(UPDATED at 4:24 p.m. PDT September 5, 2018)
The U.S. Fire Administration has designated the death of Erick Aarseth a line of duty death (LODD). The agency posted a notice on their web site that indicates Mr. Aarseth was released from the Horns Mountain Fire at 6 p.m. on August 27. The next day he was found unconscious in his apartment.
From the US Fire Administration:
“Firefighter II Eric Aarseth worked the Horns Mountain Fire in Washington on August 27 and was released at 6:00 p.m. On August 28, Aarseth was found unresponsive at his home in Oregon. Reports indicate that Aarseth developed pneumonia which became septic. Aarseth was treated at Sacred Heart Medical Center in Springfield, Oregon, but was taken off life support on September 3 after suffering irreversible damage to his organs. Aarseth passed away early the following morning on September 4.
“Incident Location: Horns Mountain Fire near Northport, Washington (U.S. National Grid: 11U MQ 42732 18414 (DD: 48.916, -117.782))
Miller Timber Services
PO Box 638
24745 Alsea Hwy.
Philomath, Oregon 97370
“Chief: President Lee Miller”
(Originally published at 12:59 p.m. PDT September 4, 2018)
Yesterday, September 3, 20-year-old Eric Aarseth passed away after he was found unconscious the day after he returned from a fire assignment.
His family said he returned home from the fire Monday August 27 and the next day was found unconscious in his apartment suffering from pneumonia. He was taken to a hospital but never woke up. KGW8 reported that he had vomited, obstructed his airway and developed sepsis. When it was discovered he was brain dead the family made the difficult decision to turn off the life support. He passed away Monday September 3.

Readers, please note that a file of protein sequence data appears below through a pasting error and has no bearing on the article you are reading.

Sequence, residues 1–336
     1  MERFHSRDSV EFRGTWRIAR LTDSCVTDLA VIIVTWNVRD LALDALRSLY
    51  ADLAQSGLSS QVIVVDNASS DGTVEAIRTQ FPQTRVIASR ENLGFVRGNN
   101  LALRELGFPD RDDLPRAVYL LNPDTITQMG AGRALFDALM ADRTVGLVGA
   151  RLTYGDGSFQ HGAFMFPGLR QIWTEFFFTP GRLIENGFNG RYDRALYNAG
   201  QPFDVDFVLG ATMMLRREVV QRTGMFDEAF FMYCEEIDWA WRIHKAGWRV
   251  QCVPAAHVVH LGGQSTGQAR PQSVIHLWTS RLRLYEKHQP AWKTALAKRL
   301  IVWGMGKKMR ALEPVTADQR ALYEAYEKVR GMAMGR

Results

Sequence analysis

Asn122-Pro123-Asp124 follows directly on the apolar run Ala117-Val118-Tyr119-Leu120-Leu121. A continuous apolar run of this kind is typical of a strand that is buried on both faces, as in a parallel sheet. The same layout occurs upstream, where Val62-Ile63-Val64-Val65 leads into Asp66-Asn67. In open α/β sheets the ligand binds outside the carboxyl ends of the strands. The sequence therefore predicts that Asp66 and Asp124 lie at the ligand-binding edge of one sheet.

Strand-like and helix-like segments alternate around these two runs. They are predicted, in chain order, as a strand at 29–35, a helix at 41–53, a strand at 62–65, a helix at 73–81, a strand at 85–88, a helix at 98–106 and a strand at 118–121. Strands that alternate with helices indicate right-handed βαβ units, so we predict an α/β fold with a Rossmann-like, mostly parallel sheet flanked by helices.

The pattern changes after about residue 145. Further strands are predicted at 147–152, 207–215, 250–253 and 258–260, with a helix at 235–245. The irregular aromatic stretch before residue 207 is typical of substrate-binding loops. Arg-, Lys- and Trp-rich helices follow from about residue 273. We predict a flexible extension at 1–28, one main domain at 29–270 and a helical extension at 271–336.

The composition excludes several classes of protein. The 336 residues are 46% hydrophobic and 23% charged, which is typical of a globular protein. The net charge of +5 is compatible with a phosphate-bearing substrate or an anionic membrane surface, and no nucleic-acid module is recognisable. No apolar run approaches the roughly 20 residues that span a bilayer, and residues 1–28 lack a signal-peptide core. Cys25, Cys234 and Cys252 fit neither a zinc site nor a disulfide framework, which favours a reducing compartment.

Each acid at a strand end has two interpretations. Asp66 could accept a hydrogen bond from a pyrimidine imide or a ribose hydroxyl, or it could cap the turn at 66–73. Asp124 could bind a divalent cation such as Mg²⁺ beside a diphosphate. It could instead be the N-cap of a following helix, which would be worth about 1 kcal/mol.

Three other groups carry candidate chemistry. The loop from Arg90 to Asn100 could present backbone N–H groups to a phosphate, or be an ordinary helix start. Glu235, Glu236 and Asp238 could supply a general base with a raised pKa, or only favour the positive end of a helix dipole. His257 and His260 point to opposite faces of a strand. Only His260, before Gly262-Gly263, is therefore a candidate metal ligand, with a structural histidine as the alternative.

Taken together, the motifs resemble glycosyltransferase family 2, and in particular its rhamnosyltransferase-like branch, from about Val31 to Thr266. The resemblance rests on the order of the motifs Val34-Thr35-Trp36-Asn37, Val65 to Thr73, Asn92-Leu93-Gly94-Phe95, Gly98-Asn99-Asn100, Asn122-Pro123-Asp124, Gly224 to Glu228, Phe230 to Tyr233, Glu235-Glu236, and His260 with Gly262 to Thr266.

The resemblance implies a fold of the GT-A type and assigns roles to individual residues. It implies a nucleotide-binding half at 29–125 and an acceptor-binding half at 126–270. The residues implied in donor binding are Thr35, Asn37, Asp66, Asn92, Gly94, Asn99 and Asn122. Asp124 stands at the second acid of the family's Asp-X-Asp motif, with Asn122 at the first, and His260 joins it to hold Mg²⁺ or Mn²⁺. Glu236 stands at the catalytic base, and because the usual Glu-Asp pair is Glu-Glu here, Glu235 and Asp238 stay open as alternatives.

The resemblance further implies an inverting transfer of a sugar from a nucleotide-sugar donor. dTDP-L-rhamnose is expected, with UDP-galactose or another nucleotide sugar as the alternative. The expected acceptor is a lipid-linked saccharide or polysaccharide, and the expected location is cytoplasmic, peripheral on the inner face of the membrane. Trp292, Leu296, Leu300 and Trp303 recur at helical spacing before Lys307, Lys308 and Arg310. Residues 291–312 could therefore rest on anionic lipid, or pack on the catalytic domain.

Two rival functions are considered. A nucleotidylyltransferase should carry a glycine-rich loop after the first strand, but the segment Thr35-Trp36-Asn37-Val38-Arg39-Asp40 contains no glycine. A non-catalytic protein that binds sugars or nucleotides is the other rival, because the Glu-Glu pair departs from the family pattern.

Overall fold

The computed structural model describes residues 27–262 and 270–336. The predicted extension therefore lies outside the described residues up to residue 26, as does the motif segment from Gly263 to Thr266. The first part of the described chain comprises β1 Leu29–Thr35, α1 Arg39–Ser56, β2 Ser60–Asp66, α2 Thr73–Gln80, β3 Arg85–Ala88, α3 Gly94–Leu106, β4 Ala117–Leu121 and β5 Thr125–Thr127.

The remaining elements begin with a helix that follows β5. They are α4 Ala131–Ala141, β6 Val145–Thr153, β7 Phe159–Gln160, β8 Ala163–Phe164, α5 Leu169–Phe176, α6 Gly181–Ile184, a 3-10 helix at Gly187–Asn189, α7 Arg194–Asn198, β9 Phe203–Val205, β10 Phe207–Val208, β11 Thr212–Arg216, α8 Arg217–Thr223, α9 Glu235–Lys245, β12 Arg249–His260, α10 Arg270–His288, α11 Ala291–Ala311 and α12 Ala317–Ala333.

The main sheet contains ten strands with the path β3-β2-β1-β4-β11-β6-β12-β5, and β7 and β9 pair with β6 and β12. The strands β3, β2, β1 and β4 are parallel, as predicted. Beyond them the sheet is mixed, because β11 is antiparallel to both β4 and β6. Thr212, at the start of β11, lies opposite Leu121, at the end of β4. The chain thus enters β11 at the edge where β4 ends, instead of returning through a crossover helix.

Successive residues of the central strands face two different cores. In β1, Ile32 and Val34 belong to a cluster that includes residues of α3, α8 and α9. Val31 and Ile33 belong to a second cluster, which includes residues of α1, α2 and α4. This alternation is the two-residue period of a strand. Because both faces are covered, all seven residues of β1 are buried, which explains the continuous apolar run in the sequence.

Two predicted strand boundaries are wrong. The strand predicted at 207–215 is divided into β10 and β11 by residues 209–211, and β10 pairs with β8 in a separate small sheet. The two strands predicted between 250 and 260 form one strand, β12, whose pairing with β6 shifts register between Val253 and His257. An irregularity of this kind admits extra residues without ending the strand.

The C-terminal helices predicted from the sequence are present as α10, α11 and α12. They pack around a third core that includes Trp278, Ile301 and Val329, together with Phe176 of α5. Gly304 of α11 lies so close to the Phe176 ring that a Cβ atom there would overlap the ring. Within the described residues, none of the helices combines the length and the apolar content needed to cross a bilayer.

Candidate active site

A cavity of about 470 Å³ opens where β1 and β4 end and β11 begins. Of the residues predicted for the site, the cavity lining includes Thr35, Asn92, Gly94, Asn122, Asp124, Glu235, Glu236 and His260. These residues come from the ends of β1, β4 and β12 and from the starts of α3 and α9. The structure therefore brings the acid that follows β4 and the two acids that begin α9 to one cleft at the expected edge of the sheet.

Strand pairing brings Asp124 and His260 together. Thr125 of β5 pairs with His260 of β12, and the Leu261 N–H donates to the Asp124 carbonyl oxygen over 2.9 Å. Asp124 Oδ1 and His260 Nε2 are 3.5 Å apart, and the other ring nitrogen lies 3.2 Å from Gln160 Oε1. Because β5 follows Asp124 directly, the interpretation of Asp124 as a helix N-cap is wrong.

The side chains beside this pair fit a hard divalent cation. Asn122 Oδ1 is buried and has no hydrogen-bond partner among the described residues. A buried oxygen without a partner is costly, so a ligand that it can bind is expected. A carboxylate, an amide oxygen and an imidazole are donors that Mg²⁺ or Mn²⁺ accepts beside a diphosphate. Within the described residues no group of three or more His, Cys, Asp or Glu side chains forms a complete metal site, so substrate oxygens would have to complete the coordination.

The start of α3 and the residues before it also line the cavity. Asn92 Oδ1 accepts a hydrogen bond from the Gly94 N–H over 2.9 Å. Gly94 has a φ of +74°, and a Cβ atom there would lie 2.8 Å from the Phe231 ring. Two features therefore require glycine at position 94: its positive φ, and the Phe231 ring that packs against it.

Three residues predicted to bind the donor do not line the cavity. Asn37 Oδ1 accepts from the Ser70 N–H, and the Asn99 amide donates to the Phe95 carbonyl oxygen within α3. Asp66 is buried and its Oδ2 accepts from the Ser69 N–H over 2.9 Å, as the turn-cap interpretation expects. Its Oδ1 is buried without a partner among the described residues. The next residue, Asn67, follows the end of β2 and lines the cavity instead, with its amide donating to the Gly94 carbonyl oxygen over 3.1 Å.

The Centers for Disease Control reports that the incubation period of pneumococcal pneumonia is about 1 to 3 days. This makes it possible, or even likely, that Mr. Arseth was exposed to the conditions that led to the disease while still on the fire assignment or in travel status. This could be a line of duty death, an LODD.
Mr. Aarseth was a member of a contractor’s hand crew fighting the Horns Mountain Fire in southern Washington. In July their crew was on the Garner Complex of Fires in southern Oregon.
Working on a hand crew is very hard work. It often means inadequate sleep, nutrition, and hygiene. An ongoing study of smokejumpers found that over the course of a season they lost muscle mass, added fat, their weight remained about the same, and often had impaired reaction time. A study we wrote about in February found firefighters’ exposure to smoke increases their disease risk. Depending on the type of work performed and the number of years of exposure, the increased risk can be 22 to 39 percent.
Wildland firefighters have enough to worry about from the fire itself, avoiding dangerous situations that could lead to being overrun by the fire, hit by a falling tree or rock, cut by a chain saw, exposed to toxic smoke, or being in a vehicle or helicopter accident. Trying to prevent something you can’t see that apparently can kill you in a matter of hours or days, like sepsis and pneumonia, is scarier than all of the above.
Thanks and a tip of the hat go out to Alex.
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